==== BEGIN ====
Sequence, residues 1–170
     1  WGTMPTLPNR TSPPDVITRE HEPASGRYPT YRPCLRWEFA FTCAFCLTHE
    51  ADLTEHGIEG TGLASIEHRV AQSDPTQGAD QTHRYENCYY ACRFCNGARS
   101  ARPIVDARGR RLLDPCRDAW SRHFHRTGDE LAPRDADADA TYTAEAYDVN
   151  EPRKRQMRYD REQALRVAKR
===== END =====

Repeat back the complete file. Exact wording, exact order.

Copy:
Sequence, residues 1–170
     1  WGTMPTLPNR TSPPDVITRE HEPASGRYPT YRPCLRWEFA FTCAFCLTHE
    51  ADLTEHGIEG TGLASIEHRV AQSDPTQGAD QTHRYENCYY ACRFCNGARS
   101  ARPIVDARGR RLLDPCRDAW SRHFHRTGDE LAPRDADADA TYTAEAYDVN
   151  EPRKRQMRYD REQALRVAKR